In order to meet this demand, nonprofits must tackle the notion that philanthropy is no longer a sustainable vision for the role of the voluntary sector in Canadian society. Nonprofits are a vital location for the kinds of activities, captured in the NSGVP, which may be viewed broadly as civic engagement. Civic engagement is the way that individuals express their views in our diverse and multicultural nation; it is an important vehicle for participatory democracy. Rather than a dumping ground for society’s unwanted, the sector is a springboard to equality and a hotbed of social capital creation.

During the Telling Our Story symposium, Bronwyn Drainie described voluntary organizations as the ‘research and development departments of Canadian social and public life’. For example, the seeds of the Canadian Charter of Rights and Freedoms were planted by small groups working for change in the women’s movement and Native rights movements, among others.

Frances Woolley suggests that voluntary activity is, simultaneously, a sign of social cohesion and disintegration. Without some shared values people would not volunteer at all. On the other hand, in a truly cohesive society volunteer activity may decrease. For example, food banks have become a fixture in many Canadian communities and they attract many committed volunteers. This kind of voluntarism is redundant in a truly cohesive society where the basic needs of all citizens are met.

Frequent mention is made in the literature to advocacy as an important element of civic engagement. Under current stipulations in the Income Tax Act, registered charities may not commit more than 10% of donated funds to advocacy. Many suggest that this is wrong because it is essential for volunteers to advocate on behalf of those they serve; advocacy is an important part of free speech and democracy.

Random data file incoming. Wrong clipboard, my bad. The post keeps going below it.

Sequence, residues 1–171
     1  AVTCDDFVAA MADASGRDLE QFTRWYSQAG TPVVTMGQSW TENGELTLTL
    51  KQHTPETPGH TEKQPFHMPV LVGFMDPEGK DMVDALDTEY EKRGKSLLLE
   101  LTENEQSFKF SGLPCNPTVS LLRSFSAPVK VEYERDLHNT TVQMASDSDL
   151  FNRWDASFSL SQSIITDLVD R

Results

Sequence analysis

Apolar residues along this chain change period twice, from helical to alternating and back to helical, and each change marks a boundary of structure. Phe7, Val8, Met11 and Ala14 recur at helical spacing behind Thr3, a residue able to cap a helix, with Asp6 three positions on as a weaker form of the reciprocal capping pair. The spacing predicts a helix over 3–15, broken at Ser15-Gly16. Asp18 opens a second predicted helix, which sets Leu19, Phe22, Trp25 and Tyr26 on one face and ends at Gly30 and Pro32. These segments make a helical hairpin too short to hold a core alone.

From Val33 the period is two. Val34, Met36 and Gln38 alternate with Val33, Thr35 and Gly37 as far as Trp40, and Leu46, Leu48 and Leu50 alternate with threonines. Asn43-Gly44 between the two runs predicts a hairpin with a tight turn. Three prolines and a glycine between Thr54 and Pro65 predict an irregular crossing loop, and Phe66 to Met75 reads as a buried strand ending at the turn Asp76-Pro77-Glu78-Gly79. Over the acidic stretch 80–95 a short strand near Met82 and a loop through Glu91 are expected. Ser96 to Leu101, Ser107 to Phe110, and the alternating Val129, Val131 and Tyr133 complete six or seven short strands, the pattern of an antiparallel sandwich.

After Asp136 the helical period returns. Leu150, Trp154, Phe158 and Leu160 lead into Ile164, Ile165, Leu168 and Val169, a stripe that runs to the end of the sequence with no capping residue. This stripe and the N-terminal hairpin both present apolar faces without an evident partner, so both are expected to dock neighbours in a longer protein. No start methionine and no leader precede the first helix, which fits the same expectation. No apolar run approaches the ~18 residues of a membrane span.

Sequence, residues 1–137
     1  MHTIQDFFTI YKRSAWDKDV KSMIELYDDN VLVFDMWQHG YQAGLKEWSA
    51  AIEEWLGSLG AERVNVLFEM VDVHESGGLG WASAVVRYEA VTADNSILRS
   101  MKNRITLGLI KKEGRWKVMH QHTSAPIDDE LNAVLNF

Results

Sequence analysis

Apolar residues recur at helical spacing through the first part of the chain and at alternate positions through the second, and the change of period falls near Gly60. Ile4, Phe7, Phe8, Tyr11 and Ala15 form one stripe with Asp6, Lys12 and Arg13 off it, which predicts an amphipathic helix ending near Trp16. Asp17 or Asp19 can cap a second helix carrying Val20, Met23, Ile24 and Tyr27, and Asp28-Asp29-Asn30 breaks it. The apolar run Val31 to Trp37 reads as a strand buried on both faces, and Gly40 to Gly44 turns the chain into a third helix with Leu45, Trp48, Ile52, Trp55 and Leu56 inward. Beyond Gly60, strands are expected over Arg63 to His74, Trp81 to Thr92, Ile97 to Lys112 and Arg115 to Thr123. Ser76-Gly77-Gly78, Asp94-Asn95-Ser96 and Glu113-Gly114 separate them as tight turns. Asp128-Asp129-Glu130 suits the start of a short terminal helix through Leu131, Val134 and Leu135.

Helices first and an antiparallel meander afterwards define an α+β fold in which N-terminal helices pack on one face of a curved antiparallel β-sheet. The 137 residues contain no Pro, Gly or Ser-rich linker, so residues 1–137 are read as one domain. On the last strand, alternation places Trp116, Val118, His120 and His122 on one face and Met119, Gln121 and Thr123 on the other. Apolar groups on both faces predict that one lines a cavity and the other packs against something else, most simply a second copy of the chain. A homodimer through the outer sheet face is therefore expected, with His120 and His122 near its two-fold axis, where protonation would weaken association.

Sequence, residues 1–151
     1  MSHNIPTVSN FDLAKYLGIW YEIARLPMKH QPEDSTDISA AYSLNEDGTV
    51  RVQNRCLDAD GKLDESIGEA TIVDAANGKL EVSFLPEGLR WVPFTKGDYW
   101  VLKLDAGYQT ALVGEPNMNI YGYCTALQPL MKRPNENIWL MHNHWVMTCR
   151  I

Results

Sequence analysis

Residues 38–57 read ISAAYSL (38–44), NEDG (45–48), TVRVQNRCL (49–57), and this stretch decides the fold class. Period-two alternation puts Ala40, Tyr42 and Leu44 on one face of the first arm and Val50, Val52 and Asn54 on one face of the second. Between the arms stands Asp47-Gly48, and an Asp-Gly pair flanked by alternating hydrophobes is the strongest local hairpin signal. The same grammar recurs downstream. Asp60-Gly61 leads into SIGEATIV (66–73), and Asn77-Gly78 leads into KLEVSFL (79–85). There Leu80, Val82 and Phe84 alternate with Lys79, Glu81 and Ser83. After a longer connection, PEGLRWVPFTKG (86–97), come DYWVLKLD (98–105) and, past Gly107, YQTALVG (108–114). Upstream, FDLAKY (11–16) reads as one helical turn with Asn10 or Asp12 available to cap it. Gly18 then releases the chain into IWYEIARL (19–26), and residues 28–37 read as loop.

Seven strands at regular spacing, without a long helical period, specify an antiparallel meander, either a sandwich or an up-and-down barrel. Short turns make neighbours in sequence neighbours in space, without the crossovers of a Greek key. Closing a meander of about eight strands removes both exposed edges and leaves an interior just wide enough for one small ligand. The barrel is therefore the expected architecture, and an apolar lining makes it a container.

Furthermore, many call attention to the archaic (100 year old) definition of charity used by Revenue Canada. Under our tax laws, charities fit into a few specific categories: advancement of religion, health, education, poverty relief, culture and other purposes that benefit the community. More recent issues like women’s rights, civil rights, multiculturalism, free speech and national unity are excluded.

The Value of Volunteers – What are the Costs? What are the Benefits?

The voluntary sector must remind government that voluntarism is not free and volunteers are not a panacea for social ills. In fact, the biggest enemy of voluntarism may be short- sighted government. Since the cutbacks began volunteer activity has fallen because the infrastructure of voluntary sector organizations is crumbling. These organizations need ‘enabling’ funds to hire professional staff to recruit, screen, train, supervise, motivate and recognize volunteers.

As non-profit organizations are squeezed by funding cuts, concerns are raised that volunteers are being asked to perform tasks without adequate training.

Concerns are also being raised about the growing phenomenon of ‘involuntary’ or mandatory volunteers (from schools, community service hours and workfare/Ontario Works). ‘Doing time’ in this way may not create loyalty to a cause. According to the NSGVP, 7% of volunteers in Canada are mandatory.

The voluntary sector must recognize that ‘new’ volunteers, particularly youth, are less likely to be drawn to the sector by the ‘duty’ message that attracts Canada’s civic core. Many youth view volunteering as a way to improve job prospects. Attracting new volunteers, from outside the civic core, will require a new message of inspiration that touches their passion yet focuses on personal satisfaction and skill building.

The NSGVP (2000) suggests that loss of one million volunteers since 1997 may be in part due to improvements in the economy, which have increased job prospects for many Canadians. Many Canadians feel they no longer have the time to volunteer. This has raised the issue of corporate voluntarism where employers give paid release time to workers to become involved in community causes. The NSGVP reports that in 2000, 27% of employed volunteers were permitted to modify their hours of work in order to volunteer, this is up from 22% in 1997.

Regulatory and Resource Issues for the Sector

According to Bronwyn Drainie, the story of downsizing and cutbacks is important to uniting the voluntary sector – it is a common experience among nonprofits who are otherwise diverse.